Thursday, June 2, 2011

Sobriety, Cross-Addictions, and Relapse

When I was a teenager, I smoked weed. I also drank. In fact, if anybody had a drug to give me, I'd try it. So, I've done acid, mushrooms, cocaine, meth, and speed. I also smoked cigarettes.

I grew out of every substance but the booze. I never really was a big fan of anything that sped me up because I am anxious enough as it is. Pot stopped being fun because it ceased relaxing me and instead started making me paranoid. I ceased everything but drinking, and on my 30th birthday, I quit smoking. Nicotine was harder to kick, but after a few months I was fine; cravings subsided, and now it's been almost 19 years since I've had a cigarette.

Now for a while, back when I was bodybuilding in my early 40s, I did abuse painkillers (Vicodin), but not really for the buzz. I genuinely took them for pain--either to nurse a hangover or to get me through a workout. But it was getting expensive, so I stopped taking them. No problem. I had no physical addiction. I would take only one pill at a time; I say I abused them because I didn't have a prescription and bought them off a friend.

Looking back over this, it's weird to me that I tried all these substances and never had a problem with any of them EXCEPT for alcohol. That was the one thing I couldn't kick by myself.

This is on my mind because last night on Facebook I saw that an old friend of mine--an addict, not an alcoholic--had posted that she was out drinking. That, to me, is a relapse. But why? If someone offered me a bong hit and I took it, would that be a relapse for me?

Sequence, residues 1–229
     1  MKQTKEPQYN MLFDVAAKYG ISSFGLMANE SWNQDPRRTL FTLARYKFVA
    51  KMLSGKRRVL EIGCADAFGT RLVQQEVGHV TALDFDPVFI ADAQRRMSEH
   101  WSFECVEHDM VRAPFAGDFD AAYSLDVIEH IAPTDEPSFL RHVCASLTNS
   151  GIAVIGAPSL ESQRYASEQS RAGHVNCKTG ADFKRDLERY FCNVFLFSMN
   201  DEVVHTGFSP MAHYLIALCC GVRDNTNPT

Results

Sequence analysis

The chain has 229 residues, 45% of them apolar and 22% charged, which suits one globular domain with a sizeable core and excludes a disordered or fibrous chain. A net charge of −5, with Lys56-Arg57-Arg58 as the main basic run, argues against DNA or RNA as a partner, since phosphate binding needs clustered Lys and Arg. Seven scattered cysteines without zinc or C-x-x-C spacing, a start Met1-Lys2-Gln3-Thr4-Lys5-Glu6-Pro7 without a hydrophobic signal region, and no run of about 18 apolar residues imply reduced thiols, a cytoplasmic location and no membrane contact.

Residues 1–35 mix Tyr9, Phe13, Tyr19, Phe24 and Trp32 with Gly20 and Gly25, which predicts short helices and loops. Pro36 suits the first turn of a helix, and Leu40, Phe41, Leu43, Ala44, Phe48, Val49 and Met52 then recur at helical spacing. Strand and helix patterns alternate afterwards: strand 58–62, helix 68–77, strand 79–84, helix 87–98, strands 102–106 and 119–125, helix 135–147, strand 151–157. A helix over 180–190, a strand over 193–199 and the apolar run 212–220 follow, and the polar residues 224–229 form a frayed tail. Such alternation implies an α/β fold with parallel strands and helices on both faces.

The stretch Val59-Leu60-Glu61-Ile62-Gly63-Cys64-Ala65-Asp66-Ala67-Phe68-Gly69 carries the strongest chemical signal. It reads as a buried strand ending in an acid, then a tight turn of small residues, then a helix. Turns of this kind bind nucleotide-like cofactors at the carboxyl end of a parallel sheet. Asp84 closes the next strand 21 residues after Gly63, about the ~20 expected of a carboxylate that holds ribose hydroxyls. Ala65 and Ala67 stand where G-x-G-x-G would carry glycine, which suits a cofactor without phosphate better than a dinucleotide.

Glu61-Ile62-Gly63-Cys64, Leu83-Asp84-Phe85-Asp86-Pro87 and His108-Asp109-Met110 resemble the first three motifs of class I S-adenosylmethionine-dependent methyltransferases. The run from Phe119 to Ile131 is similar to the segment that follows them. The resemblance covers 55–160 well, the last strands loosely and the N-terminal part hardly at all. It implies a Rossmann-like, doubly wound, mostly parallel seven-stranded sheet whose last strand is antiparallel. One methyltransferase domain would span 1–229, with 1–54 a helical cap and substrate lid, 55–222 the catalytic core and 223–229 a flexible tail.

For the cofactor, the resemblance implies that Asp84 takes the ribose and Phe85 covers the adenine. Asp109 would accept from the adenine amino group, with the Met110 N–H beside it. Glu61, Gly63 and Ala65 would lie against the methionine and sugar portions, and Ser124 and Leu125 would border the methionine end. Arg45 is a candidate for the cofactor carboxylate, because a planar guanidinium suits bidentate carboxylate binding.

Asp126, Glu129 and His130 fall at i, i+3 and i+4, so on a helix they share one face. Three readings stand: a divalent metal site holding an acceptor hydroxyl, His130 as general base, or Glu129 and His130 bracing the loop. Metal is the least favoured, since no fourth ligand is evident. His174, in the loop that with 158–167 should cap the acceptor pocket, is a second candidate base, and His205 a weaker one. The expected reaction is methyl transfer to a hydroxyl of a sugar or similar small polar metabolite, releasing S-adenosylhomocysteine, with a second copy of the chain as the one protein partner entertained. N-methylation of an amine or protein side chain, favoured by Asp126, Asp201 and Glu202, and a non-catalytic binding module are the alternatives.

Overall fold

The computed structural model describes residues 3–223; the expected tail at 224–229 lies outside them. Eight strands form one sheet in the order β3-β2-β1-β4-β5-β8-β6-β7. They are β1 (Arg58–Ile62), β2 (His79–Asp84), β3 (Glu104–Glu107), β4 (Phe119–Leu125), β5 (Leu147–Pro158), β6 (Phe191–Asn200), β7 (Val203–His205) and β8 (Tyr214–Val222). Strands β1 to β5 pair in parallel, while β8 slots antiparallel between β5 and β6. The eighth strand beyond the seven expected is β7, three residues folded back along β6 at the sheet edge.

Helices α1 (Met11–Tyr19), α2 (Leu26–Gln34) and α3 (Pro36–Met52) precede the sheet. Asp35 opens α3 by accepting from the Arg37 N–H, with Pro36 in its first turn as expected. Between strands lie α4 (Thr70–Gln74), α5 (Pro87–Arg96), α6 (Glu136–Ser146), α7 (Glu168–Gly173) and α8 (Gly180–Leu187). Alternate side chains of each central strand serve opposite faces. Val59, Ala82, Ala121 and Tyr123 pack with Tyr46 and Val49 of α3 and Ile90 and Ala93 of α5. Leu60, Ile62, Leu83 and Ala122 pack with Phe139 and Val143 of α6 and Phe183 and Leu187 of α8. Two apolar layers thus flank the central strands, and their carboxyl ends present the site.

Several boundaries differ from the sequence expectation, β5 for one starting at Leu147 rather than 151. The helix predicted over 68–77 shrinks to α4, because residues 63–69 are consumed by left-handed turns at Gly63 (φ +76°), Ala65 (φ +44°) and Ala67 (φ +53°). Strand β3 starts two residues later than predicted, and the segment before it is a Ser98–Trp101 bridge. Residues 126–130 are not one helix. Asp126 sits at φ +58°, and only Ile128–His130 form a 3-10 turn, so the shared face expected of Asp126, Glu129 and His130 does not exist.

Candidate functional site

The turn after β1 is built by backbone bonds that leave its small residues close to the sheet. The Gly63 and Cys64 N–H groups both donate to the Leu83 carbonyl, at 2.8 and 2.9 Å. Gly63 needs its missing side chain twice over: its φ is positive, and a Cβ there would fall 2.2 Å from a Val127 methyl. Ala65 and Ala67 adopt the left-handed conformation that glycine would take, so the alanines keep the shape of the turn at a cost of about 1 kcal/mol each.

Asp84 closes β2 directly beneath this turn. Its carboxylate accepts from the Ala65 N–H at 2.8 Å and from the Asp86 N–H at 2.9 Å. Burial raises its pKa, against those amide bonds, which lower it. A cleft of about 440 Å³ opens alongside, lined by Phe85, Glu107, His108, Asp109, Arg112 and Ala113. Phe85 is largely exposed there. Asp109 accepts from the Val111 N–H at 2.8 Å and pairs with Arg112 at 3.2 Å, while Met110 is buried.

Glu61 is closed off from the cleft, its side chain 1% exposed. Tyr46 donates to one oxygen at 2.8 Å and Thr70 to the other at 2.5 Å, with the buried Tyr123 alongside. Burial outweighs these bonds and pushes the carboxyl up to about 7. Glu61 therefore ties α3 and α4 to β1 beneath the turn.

I think it would.

Yet I take 30mgs of Cymbalta every morning and on some occasions, I'll take a half mg of Ativan (a benzo that is highly addictive). Why aren't these considered a relapse? Indeed, some people in AA would say I'm NOT clean and sober because of this.

But I differ there. Something like alcohol or weed impairs your judgement, alters your perceptions, makes you high. The anti-anxiety medication I'm on doesn't do any of these things. (Well, maybe they would if I took them in high doses, but I don't.) They are prescribed to me for a medical condition; my doctor knows I'm a recovering alcoholic; my doctor keeps an eye on how much of both I take. I have never abused either of them.

So, for my friend, the addict who is drinking, you might say alcohol is legal and as long as she isn't abusing it, then what's the problem? Well, the drug alcohol, even when used moderately, STILL impairs your judgment, alters your perception, and makes you high.

Look at it this way. If I were a surgeon and took a Cymbalta in the morning like I always do and then performed surgery on you, would you be concerned? Probably not. But if I were a surgeon and took a couple bong hits or had a few drinks before performing surgery on you, would you be comfortable with that? Yeah, I thought so.

That's the difference.

The problem with us alcoholics and addicts is that we use substances that make us high to cope, to "fix" problems in our lives or in ourselves, and those substances don't do any of that but merely make things worse. It's not okay to substitute one mind-altering substance for another.

That's a relapse.

One caveat: say you're an alcoholic and you break your leg and your doctor puts you on painkillers. Those things do alter your thinking. I wouldn't call that a relapse, though. But I'd say to be damned careful with those things. Once your physical pain is gone, don't go begging your doctor for a refill. And if your doctor doesn't know you're in recovery, you're keeping something important from her.

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